What hurts worse than surgery? How about an unexpected bill for thousands of dollars? That's what one in five insured patients see after undergoing popular nonemergency operations at in-network hospitals or outpatient centers with surgeons who accept their insurance.
The average surprise bill insured patients receive after surgery is $2,011 — and that's on top of any out-of-pocket balance a patient owes (usually around $1,800) to meet insurance co-pays and deductibles, according to a report published in the Journal of the American Medical Association.
The source of the surprise bills stems from health care workers involved in the surgery or in follow-up care who are out of the patient's insurance network, such as imaging specialists, anesthesiologists and surgical assistants.
"Patients need to be aware this is happening — that you could go to a doctor in a hospital who is covered by your insurance and still get charges from somebody who's not covered by insurance,” says Karan Chhabra, M.D., first author of the report, a surgical resident at Brigham and Women's Hospital in Boston and national clinician scholar at the University of Michigan Institute for Healthcare Policy & Innovation.
"Some other data have shown that one in three patients with health insurance still can't afford an unexpected $1,000 medical bill,” he adds. “So these are real people that are getting into trouble.”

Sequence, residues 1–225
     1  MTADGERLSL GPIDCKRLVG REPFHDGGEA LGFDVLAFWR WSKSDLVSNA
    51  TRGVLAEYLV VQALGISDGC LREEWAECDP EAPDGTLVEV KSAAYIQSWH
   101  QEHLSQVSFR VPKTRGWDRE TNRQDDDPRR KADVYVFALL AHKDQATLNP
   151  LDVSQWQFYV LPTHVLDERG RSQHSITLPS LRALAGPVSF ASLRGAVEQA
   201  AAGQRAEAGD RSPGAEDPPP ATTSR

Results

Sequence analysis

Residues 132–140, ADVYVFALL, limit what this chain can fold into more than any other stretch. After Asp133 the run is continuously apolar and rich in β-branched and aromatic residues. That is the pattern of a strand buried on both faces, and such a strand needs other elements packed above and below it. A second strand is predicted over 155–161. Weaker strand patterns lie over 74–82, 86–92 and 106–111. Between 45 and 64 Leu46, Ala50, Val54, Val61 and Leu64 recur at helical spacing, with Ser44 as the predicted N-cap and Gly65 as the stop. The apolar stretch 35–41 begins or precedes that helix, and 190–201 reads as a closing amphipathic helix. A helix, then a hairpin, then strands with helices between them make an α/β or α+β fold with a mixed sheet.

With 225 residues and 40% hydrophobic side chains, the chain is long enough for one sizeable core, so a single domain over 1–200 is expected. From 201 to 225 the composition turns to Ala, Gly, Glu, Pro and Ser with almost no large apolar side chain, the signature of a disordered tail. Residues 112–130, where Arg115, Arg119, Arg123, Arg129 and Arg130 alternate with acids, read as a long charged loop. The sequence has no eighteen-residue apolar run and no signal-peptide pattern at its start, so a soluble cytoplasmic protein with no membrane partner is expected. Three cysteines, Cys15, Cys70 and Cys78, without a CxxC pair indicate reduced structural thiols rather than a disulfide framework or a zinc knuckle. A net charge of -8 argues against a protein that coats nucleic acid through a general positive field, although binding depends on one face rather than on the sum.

Out-of-network charges were significantly more common among patients who had complications after surgery and for those covered by health insurance exchange plans, compared to employer-based plans.
Protect yourself from unexpected medical bills
In the absence of a national policy to protect patients from surprise bills, Chhabra encourages patients to talk to their doctor, insurance company and hospital or surgery center ahead of time about what and who are covered by their plan.
Even then, doing your homework won't guarantee an experience free from surprise bills for elective procedures. Surgical care can be especially complicated because a “patient is touched by so many members of an interdisciplinary team,” Chhabra says. But asking the hospital which doctors they tend to contract with for anesthesia, radiology and pathology services is a good place to start.
Chhabra also recommends patients find out whether their doctor uses in-network or out-of-network labs or imaging centers to avoid unexpected costs. And if you receive a surprise bill, don't “shy away” from asking your insurance company to cover all or some of the costs, asking for discounts or write-offs for their share of the bill, or filing a complaint with state insurance regulators, the study's authors say.
Surgeons can also play a role in limiting surprise bills by selecting, when possible, who is on their surgical team, paying close attention to the types of insurance everyone accepts, Chhabra says.
"Given that [surgical assistants] are the single largest source of our bills, I really hope that our community in surgery starts paying more attention to who we are working with in the operating room and outside the operating room,” he adds.